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New Hampshire Leaps In Rankings As CEOs, Government Find Unity

New Hampshire performed well in the 2018 Chief Executive “Best States / Worst States for Business” and had the best showing by far among the New England states.

New Hampshire, the "Granite State" climbs the "Best and Worst States for Businesses" New Hampshire has the kind of get-it-done reputation that many CEOs like, but can be hurt perceptually because it’s part of a Northeast region that historically has been more antithetical to business concerns.

The Granite State performed well in the 2018 Chief Executive “Best States / Worst States for Business” by climbing seven spots in the rankings from a year earlier, to No. 24, the best showing by far among the New England states.

Hitchiner Manufacturing has experienced both sides of the state’s attitude toward business. Based in Milford, N.H., the maker of investment castings for manufacturers employs 675 people in the state. The company wanted to expand but initially found it would be too expensive to do so in New Hampshire after adding up business taxes, state and local taxes, energy and construction costs. It had closed a plant in Littleton, N.H, in 2015, costing 100 jobs.

But CEO John Morrison III went to New Hampshire Gov. Chris Sununu and the state to work on a plan to keep Hitchiner’s future at home. He was able to obtain enough financial incentives – including a five-year property-tax abatement approved by a vote of the townspeople — to build the new foundry in Milford. Morrison promised an investment of $50 million in a new, 85,000-square-foot facility and 85 jobs.

“New Hampshire is small enough where it’s more of a community and there’s more of a work-together attitude than in many other states,” said Travis York, head of GYK Antler, a mid-market advertising agency with headquarters in Manchester, N.H., and two offices in Massachusetts. “It’s a blessing and a curse. A lot of folks are well-intentioned, but sometimes we don’t get as far as in a bigger market where people are trying to do bigger things.”

“New Hampshire is small enough where it’s more of a community and there’s more of a work-together attitude than in many other states.”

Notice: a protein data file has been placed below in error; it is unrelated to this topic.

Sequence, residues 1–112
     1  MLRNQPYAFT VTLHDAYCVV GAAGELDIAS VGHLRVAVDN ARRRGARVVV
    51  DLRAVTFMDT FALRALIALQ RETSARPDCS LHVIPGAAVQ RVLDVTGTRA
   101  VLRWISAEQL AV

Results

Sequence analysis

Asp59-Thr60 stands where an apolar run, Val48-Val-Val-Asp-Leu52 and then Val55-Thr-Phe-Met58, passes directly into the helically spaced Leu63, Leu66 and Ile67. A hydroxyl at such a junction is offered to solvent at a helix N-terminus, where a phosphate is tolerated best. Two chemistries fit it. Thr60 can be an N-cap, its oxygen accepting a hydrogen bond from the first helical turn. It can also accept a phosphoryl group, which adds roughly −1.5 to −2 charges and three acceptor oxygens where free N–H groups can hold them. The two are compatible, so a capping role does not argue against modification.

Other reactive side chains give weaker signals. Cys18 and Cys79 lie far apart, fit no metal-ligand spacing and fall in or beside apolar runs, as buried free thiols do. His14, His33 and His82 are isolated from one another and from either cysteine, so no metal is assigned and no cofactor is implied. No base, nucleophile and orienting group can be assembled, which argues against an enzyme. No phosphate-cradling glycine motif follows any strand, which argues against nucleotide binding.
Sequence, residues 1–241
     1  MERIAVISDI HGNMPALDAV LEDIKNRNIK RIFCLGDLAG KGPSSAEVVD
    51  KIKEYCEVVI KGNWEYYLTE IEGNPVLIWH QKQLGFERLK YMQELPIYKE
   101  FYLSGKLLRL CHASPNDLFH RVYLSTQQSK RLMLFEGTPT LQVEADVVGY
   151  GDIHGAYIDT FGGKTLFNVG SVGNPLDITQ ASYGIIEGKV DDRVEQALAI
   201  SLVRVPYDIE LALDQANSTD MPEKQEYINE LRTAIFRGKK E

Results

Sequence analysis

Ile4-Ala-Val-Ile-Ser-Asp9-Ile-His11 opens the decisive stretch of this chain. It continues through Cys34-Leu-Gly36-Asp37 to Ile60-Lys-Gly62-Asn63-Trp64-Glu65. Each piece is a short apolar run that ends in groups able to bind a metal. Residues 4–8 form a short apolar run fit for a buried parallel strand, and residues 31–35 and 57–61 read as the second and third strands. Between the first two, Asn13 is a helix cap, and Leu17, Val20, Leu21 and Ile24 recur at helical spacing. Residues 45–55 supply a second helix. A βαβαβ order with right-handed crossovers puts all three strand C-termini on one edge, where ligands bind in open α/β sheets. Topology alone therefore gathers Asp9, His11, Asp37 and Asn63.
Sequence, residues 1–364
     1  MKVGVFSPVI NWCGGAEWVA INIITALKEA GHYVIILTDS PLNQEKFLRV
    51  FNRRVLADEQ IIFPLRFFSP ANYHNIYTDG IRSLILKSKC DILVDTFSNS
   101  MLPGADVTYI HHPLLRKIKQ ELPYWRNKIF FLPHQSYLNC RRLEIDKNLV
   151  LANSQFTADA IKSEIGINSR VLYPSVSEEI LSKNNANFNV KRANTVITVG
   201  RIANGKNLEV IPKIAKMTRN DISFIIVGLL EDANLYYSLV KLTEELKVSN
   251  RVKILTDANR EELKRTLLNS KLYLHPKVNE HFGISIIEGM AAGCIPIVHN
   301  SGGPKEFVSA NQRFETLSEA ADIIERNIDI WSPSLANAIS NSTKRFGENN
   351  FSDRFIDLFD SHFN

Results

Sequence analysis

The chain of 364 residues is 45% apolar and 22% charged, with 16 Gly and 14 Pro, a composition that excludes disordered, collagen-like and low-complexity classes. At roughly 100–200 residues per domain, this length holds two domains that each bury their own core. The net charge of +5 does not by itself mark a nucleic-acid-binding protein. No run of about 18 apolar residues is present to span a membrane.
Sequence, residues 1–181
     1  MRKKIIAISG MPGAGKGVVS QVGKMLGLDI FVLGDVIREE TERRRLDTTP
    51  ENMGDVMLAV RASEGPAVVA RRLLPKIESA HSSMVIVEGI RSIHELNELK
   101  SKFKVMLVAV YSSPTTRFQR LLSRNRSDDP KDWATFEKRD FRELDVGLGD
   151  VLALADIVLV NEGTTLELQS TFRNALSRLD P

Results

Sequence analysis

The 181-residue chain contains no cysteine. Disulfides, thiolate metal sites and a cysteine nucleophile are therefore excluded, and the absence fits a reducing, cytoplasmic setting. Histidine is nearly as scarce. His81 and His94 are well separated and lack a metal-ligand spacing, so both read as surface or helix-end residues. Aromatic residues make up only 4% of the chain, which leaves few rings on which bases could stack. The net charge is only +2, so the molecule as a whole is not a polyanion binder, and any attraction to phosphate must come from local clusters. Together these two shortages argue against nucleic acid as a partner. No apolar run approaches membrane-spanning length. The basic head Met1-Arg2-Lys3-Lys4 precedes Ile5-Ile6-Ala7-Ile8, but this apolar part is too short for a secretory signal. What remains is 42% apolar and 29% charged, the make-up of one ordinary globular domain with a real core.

The unity behind economic-development efforts in New Hampshire was illustrated by the fact that the state made a single, consolidated pitch in response to the RFP issued by Amazon for the site of its “second headquarters.” Meanwhile, neighboring Massachusetts, for example, submitted many separate proposals as individual cities and areas competed against one another, York said.

New Hampshire’s continuing challenges include “a very low unemployment rate where we struggle to lure people from across the border in Massachusetts,” York said. “There’s a plethora of skilled jobs and for companies that pay well.”

he Granite State can pitch a low cost of living, lack of consumer sales or citizen income tax, and a “phenomenal” work-life balance, said York, whose agency handles New Hampshire’s economic-development work. “But there are false perceptions that if you’re not a logger or some sort of trade laborer, you’ve have a hard time finding a job here.”

Another, perhaps surprising, challenge for New Hampshire is that it has become known as what U.S. News & World Report called “Ground Zero for opioids.” The state ranks No. 2 in the nation for opioid-related deaths; President Trump even made an announcement about a federal anti-opioids initiative in Manchester earlier this year.

The complete listing for the Best and Worst States for Business can be found here.

 


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